From A Colorado R.N.: Why I Left Psychiatric Nursing

“It is a mistake to pathologize life [to represent it as a disease].  All of us get angry, sad, depressed, overjoyed, and excited at times.  There are times that any of us might lose control of any of these emotions with the challenges that life presents.

“Unfortunately, losing one’s temper in public might earn a person a stay in a psychiatric hospital.  Anger, especially, is not tolerated inside the psychiatric department of a hospital.  It can be diagnosed as “dysphoria” [unpleasant emotion, agitated, depressed], “hypomania” [speeded up, agitated behavior], or a “personality disorder.” The patient — adolescent and adult alike — can be disciplined with restraints, isolation, and involuntary medications.

“Isolation and restraints are legally allowed ONLY when the patient is threatening others or viewed as a danger to himself.  However, as a former psychiatric nurse, I have witnessed these methods used for reasons other than safety.  I have seen them used to discipline a patient for his temper or simply to gain control over him, even when there was no threat to anyone’s safety.  They were used to break down the individual’s will so that he will comply with the system inside the psychiatric unit, which imposes a milieu structure [a structured environment] with medications prescribed for questionable diagnoses.

“Anger is in itself not a disease.  It is a symptom that something is not right.  Anger can escalate when it is not listened to.

“While working one evening a few years ago in a small Colorado psychiatric inpatient unit, I was asked by our staff psychiatrist if I thought a 16-year-old boy there had “bipolar disorder.”  The adolescent had expressed anger toward his mother, who was continuing to date a man who had literally beaten the boy up.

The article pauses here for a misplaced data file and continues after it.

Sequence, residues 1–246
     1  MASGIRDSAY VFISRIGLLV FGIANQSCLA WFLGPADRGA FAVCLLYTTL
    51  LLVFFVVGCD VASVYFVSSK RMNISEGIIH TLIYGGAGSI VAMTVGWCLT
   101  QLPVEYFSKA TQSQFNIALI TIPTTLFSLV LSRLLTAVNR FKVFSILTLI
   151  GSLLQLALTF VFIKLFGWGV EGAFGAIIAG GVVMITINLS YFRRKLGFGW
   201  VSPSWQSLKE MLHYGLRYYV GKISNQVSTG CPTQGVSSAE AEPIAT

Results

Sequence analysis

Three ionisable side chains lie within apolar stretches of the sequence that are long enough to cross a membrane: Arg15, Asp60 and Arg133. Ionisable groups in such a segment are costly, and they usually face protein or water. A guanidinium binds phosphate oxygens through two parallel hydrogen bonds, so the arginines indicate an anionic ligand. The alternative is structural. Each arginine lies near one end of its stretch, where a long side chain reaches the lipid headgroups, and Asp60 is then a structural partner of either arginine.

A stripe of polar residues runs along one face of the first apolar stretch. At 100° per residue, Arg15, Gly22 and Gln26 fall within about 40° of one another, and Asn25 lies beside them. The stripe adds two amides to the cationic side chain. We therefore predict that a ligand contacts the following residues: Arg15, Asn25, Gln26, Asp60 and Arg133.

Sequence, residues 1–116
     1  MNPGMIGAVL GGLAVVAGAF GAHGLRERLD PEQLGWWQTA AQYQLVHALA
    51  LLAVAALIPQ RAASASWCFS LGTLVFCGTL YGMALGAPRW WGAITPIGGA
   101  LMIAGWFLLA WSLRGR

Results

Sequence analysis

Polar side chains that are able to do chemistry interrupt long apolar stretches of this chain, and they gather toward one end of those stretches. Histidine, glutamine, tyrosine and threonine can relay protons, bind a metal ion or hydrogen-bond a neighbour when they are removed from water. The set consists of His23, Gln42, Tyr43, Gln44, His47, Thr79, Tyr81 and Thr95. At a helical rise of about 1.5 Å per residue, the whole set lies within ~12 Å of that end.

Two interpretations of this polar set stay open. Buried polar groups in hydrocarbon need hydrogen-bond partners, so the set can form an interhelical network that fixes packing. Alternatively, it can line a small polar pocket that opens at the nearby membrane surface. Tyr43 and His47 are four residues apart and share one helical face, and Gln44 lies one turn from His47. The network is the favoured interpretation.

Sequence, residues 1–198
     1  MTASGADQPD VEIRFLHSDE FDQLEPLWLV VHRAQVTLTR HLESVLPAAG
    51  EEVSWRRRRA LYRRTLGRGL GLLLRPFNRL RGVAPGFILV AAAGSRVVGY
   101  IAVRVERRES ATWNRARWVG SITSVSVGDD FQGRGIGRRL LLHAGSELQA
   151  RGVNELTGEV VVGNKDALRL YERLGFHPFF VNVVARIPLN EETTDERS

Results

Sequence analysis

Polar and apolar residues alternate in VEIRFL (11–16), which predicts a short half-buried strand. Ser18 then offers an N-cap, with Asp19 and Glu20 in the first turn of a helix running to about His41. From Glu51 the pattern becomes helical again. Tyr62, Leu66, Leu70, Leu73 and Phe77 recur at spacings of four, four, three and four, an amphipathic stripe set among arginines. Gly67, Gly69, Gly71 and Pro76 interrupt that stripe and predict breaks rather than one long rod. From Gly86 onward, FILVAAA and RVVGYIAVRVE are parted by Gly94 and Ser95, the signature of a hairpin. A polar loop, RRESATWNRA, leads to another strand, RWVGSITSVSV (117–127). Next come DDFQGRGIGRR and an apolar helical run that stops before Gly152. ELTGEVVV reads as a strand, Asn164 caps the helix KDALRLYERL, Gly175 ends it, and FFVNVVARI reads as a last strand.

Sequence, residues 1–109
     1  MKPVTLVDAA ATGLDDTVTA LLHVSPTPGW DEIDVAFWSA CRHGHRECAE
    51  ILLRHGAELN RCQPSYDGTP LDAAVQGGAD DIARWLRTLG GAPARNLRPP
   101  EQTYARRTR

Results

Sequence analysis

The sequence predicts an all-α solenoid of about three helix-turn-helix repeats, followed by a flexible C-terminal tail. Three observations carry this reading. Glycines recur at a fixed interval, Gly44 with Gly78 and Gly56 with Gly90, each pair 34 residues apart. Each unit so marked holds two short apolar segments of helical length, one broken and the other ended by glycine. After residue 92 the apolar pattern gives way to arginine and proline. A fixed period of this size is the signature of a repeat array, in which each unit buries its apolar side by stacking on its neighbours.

“Recognizing that this young patient had a lot reason to be angry, I asked the doctor why he thought the boy had “bipolar disorder.”  The doctor explained that the patient’s mother had reported an increase in the boy’s appetite the week before, when he had an extra chili dog for dinner.  The boy then went outdoors to play basketball with his friends.  The doctor surmised that these two occurrences of normal behavior must be interpreted as “mania” because they were not typical for this boy.

“As the doctor was writing out prescriptions for three psychiatric medications, including an antipsychotic drug, I voiced my opinion that perhaps this boy’s behavior might be normal or just a sign of getting well.  The doctor instructed me to observe him over the weekend for unusual behaviors and symptoms.

“Later that night, as I was passing out bedtime medications, I found myself with an antipsychotic medication in my hand with a physician’s order to give it to this boy — a child who was not mentally ill.

“My license said I had to give it.  I left the psychiatric setting a few months later.  Unfortunately, this scenario is all too common in psychiatric facilities.

“What is needed is empathic [with empathy] listening, understanding, validation and acceptance to feel what we need to.  In my experience, I found that acceptance and caring about how my patient felt was always calming.  A therapeutic conversation could then take place.  Empathic listening and validation are key to healing.”